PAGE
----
Lindsey Anderson

Just because the Olympic Games are the pinnacle of competition doesn't mean recent Olympian Lindsey Anderson is going to stop racing. She's not even going to take a break, for that matter.

The former Weber State University runner and Utah native is planning to run in the Deseret News' MormonTimes.com Mile on Monday — just eight days after the closing ceremonies in Beijing and a little more than two weeks after competing in the Olympics.

Anderson, an assistant track coach at Weber State, said she'll use the Mormon Mile as training for even more steeplechase races she has planned in the near future, including one in Paris, and other possible races in Europe.

"This Mormon Mile will actually be a tuneup for those races," she said Tuesday.

It's Anderson's first race after her run in the Summer Games' women's 3,000-meter steeplechase in which she finished eighth in her heat, with a career second-best time of 9:36.81.

Anderson said before most of her steeplechase races she likes to run a 1,500-meter — just about 300 feet shorter than a mile — time trial.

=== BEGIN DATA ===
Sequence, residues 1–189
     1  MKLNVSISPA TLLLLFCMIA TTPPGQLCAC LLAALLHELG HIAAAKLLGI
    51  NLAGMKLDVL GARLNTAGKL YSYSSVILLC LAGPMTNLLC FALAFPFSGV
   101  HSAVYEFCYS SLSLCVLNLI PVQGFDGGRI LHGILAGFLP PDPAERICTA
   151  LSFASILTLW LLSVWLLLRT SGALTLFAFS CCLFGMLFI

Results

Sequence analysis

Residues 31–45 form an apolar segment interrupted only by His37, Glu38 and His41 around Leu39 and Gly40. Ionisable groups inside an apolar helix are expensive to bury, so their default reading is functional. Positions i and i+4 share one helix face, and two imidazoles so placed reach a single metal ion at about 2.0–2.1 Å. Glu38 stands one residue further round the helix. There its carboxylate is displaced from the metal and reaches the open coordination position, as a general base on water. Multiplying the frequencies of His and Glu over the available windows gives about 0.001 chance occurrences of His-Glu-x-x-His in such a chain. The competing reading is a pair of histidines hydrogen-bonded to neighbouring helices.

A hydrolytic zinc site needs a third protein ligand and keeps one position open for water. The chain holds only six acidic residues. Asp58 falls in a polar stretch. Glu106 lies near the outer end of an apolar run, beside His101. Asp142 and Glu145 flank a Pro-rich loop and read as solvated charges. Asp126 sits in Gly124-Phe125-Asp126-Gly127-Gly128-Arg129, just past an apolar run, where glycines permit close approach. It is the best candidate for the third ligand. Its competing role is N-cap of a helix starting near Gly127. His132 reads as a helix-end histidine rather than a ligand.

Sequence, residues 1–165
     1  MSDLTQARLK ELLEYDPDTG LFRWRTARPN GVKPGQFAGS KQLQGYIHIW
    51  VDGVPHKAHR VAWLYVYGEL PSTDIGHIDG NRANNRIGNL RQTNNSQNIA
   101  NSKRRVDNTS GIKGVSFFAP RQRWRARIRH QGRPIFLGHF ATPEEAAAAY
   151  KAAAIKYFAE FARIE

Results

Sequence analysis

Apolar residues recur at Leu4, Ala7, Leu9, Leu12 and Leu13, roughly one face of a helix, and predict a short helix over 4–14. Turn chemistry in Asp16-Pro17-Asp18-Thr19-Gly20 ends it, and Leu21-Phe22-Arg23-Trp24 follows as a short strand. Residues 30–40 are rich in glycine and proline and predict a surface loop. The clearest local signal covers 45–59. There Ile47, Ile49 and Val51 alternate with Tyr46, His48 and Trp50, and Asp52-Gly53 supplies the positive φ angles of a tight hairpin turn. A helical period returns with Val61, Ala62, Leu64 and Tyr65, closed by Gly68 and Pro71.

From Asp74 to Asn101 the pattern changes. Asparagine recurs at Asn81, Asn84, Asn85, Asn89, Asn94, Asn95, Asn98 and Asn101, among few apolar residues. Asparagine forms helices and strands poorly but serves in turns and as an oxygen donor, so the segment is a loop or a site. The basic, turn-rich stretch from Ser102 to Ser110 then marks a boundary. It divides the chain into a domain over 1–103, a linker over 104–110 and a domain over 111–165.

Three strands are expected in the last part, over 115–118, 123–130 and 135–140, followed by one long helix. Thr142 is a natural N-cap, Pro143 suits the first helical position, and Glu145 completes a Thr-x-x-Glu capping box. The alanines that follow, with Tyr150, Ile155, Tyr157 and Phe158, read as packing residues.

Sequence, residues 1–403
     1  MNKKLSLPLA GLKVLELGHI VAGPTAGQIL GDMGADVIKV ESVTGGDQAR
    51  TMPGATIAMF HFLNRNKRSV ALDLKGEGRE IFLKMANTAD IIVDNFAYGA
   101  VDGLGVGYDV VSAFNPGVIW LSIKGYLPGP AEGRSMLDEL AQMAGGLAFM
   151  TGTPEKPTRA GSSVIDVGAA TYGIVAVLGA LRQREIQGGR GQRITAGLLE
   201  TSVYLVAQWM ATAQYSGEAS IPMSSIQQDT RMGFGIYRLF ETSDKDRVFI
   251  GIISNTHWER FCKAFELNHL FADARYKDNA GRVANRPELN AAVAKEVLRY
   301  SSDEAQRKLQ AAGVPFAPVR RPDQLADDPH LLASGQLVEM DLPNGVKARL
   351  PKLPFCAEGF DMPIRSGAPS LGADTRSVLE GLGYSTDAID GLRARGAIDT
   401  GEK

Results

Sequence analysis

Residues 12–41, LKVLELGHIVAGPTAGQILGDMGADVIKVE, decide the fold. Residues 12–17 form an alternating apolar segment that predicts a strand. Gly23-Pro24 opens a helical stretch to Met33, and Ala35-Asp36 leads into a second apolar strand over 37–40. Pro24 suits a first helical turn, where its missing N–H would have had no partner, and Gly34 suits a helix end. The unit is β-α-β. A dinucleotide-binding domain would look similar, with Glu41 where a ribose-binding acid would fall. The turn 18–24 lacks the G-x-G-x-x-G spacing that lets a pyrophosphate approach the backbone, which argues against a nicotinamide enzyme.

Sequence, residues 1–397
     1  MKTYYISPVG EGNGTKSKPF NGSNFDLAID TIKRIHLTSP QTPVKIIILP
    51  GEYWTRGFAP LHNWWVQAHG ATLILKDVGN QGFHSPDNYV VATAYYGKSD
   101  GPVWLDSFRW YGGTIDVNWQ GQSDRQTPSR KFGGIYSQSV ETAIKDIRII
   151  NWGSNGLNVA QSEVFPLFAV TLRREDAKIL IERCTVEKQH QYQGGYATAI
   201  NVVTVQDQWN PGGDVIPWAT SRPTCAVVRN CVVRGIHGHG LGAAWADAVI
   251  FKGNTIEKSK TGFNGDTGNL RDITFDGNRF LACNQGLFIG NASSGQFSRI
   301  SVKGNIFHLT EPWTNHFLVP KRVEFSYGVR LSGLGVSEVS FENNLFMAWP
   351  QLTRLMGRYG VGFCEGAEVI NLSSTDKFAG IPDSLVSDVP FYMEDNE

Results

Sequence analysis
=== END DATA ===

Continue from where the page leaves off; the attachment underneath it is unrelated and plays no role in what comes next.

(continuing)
"Whenever I race a mile or a 1,500 it's usually been just to tune up for another race," she said.

In Beijing, her time was around 4:20. "I'm planning on going under five minutes" in the Mormon Mile, she said.

In addition to a training exercise, she thinks it's a "good way to earn a little bit of extra money," as there is prize money ranging from $100 to $1,000 for the first five finishers.

Anderson said she likes the relaxed feel of road races, with people of all ability levels and ages competing.

"I like the atmosphere of road races," she said. "To me it feels a little bit more laid back. It feels a little more calm (and) everybody is just there to run."

The Mormon Mile will be the second road race she will compete in sponsored by Nike; up to now, she has done mostly track races.

Anderson's husband of four years, Mark, will be cheering her on at the race in Salt Lake City, just as he was in Beijing, though there will be significantly fewer spectators than when she raced Aug. 15 in China.

"There was 91,000 people there watching and it was just incredible because they were so excited," she said. "You could really feel the excitement in the air ... They weren't necessarily cheering for one person. ... There was just like a wow factor. It was just incredible to walk into that stadium."


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